The Boy and the Moon

Cover

Written and Illustrated by James Christopher Carroll

Sleeping Bear Press, 2010

It was midnight when the dancing and the howling began.

The plot in a nutshell: A boy and his animal friends give the moon an assist

A boy comes outside at midnight in his pajamas to howl at the moon with some animal friends. Then the moon gets stuck in a tree. Everyone stops howling and then they realize they need to save the moon. The dog tries to help, but can’t climb the tree. The boy can, however, so he climbs the tree (in spite of being afraid), and he tries to push the moon free, with no success. Instead, he picks the tree’s apples and starts feeding them to the moon. When the moon has eaten all the apples, she becomes a full moon and rolls out of the tree, back into the sky.   The friends go back to howling and dancing.

Flower-with-a-Face has dozens of evil schemes.

Flower-with-a-Face has dozens of evil schemes.

This is the first (and, so far, the only) picture book from author/illustrator James Christopher Carroll. The story has a very magical quality to it and the ethereal artwork only serves to add to the story’s enchantment. Part of the reason for this is that the story takes place entirely at night and the artwork features dark backgrounds with subjects that are luminescent, giving you the impression that you are seeing something that you’re not meant to see. I liked the story’s very simple concept and its creative ‘plausible impossible’ resolution and I found most of the artwork really beautiful. But I have to come clean and say that in a few of the pictures, some of the animals (and especially that flower with a face) come across as more than a little creepy or menacing. That’s the only element of this book that just didn’t work for me.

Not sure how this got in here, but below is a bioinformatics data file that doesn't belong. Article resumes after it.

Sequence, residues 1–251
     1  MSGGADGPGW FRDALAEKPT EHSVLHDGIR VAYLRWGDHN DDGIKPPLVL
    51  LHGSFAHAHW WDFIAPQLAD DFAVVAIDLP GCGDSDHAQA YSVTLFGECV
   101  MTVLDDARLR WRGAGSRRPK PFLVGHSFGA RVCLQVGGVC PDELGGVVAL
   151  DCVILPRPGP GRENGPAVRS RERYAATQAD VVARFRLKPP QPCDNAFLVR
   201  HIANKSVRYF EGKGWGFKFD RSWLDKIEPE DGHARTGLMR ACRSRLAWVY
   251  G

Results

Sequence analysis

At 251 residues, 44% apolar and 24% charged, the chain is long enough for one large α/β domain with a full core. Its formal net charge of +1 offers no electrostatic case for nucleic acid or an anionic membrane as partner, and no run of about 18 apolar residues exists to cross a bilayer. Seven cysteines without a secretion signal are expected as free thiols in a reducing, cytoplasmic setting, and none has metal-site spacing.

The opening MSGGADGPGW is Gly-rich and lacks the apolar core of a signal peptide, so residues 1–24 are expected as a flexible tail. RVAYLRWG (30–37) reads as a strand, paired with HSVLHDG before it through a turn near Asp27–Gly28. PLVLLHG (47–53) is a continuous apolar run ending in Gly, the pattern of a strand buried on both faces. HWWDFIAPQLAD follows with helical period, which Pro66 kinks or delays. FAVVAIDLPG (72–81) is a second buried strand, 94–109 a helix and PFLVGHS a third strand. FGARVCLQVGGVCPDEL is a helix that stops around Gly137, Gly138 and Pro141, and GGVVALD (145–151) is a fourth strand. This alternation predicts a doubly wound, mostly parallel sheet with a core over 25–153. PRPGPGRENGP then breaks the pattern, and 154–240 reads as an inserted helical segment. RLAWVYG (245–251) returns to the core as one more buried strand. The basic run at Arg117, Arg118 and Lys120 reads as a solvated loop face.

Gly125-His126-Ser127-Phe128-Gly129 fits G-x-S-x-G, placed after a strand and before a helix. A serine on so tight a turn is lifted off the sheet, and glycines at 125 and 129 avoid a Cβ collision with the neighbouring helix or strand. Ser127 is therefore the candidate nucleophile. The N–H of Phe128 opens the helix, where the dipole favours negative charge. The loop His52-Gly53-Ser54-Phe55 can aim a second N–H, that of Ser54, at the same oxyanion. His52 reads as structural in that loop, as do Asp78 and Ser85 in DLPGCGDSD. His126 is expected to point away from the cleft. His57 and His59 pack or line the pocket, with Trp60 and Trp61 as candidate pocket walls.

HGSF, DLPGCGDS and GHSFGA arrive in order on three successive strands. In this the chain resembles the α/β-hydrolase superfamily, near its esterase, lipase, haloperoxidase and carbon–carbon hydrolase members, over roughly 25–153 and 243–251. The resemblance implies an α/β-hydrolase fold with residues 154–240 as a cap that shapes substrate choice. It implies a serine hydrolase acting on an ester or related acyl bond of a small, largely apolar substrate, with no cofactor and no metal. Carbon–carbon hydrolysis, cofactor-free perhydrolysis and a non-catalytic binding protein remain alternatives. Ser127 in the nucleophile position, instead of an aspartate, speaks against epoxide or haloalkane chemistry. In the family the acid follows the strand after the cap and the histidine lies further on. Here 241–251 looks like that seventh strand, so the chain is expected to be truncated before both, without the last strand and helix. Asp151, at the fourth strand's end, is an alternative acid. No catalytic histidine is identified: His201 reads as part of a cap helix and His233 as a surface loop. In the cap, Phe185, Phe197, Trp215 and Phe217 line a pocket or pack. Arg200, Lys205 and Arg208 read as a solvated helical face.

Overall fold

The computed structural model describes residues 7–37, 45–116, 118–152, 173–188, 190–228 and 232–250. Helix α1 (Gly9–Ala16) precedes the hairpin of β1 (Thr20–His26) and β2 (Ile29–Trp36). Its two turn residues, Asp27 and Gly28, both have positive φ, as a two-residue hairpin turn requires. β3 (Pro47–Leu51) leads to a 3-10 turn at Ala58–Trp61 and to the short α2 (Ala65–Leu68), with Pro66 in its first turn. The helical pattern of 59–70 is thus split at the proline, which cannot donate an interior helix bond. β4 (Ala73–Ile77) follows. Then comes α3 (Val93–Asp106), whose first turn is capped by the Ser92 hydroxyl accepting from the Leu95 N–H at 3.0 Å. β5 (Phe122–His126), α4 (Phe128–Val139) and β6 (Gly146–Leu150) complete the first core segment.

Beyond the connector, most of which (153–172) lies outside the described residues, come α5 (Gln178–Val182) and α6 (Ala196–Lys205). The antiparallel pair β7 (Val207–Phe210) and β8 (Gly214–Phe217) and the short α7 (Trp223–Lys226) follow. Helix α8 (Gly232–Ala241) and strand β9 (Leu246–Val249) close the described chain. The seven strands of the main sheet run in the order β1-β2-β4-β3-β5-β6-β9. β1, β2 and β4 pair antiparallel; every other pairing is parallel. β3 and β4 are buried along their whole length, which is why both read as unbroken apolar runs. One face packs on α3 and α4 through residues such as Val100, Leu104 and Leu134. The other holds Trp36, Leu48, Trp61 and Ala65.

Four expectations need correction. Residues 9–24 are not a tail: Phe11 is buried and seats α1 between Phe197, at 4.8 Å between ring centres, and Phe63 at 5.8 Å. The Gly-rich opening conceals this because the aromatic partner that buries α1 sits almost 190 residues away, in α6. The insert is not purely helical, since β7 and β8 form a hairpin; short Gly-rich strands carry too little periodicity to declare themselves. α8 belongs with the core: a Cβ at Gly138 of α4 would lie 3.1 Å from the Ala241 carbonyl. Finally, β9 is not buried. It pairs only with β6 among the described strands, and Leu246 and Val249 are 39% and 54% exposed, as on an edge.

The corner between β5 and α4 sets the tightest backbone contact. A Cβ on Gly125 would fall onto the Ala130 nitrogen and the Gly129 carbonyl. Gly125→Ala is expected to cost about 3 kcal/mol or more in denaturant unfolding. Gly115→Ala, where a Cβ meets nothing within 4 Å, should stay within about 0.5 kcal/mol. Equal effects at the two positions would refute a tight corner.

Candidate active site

And what did we learn? What I take away from this book is that, when something important is worth doing, you can usually find a way to get it done.

 

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